Deaf woman's tweet about Peloton spoof snags Ryan Reynolds attention

When Canadian actor Ryan Reynolds tweeted out a new, boozy spoof of the much-ridiculed Christmas commercial for the Peloton exercise bike, Crystal Jones couldn't get the joke. 

Jones is deaf and Reynold's online ad mocking the viral commercial featuring the now-infamous "Peloton woman" didn't have closed captioning. 

Frustrated, Jones tweeted at Reynolds and asked him to remedy the situation. 

"I explained to him that there's a lot of deaf and hard of hearing people who don't get to have the same experience as hearing people," Jones said in an interview Wednesday with CBC Radio's Edmonton AM.

"I often feel left out of a lot of things. I do try to make people aware that I don't have the privilege of equal access to the same information that they do." 

To Jones' surprise, Reynolds responded within a couple hours and added the captioning as requested. 

"I didn't expect him to reply," said Jones, an Edmonton-based artist and deaf advocate.

"I just went about my day and I opened my phone and then, oh my God, there is a tweet from Ryan. It was surreal. It was amazing. I felt gratitude.

"I was just like, wow. He took the time … and now I understand what this whole hoopla is about." 

The original Peloton commercial, which went viral earlier this month, shows a husband gifting his slightly-scared wife a stationary exercise bike for Christmas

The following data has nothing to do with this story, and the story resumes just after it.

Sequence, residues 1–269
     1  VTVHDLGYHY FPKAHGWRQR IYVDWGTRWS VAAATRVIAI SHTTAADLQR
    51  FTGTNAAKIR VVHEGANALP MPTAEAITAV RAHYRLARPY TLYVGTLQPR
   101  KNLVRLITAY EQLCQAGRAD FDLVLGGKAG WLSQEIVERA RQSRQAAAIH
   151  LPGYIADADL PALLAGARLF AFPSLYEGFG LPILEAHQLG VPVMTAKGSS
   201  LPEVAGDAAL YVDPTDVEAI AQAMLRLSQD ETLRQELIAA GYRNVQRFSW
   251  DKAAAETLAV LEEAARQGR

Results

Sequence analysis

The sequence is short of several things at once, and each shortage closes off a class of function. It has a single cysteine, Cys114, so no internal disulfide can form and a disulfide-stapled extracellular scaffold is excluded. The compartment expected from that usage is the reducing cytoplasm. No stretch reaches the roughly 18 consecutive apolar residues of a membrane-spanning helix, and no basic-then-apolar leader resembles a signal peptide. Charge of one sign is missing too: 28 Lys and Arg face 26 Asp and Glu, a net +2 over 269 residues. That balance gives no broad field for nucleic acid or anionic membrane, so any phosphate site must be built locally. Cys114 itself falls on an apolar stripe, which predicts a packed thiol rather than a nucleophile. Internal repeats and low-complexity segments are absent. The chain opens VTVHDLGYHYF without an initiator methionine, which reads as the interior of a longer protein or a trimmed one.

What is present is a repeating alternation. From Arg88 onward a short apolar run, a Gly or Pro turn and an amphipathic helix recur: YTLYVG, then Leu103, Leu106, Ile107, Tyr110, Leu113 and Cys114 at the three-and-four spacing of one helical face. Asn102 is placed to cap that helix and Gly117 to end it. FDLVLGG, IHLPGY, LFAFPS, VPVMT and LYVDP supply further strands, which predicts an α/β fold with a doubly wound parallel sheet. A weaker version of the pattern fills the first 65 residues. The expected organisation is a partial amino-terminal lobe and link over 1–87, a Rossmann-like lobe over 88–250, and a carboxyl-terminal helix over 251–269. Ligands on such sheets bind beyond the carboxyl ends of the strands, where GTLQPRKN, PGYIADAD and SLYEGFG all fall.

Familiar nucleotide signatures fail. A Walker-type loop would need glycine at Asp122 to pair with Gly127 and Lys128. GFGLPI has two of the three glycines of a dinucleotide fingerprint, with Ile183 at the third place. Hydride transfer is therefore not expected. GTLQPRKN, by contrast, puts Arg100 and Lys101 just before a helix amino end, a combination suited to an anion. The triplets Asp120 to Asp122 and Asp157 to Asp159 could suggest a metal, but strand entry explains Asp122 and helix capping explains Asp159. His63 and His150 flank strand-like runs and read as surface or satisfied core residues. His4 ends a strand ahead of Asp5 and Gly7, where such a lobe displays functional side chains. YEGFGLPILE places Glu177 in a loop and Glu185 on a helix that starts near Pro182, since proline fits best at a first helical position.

The commercial, described as sexist and unnerving, generated so much publicity that the actor who portrayed the wife was recruited for a leading role in a commercial for Aviation Gin, of which Reynolds is a stakeholder.

In the ad, the "Peloton woman" trades her exercise bike for a martini. She sits at the bar with two friends as they celebrate "new beginnings" and she chugs her drink.  

It's a wink to the Peloton ad, implying she's left her husband as her friend quips, "you look great by the way." 

Reynolds tweeted the ad with the phrase: "exercise bike not included."

Jones said people who are deaf or hard of hearing want the same viewing experience as everyone else. She hopes her online interaction with Reynolds will be a reminder of that. 

"For the most part, it's a struggle to figure out what's going on," Jones said.  "A lot of the time you don't have access to an interpreter or live caption so there are a lot of events where I don't get to participate. 

"I really hope that people will be more aware of their social media habits … and think more about accessibility for people with disabilities."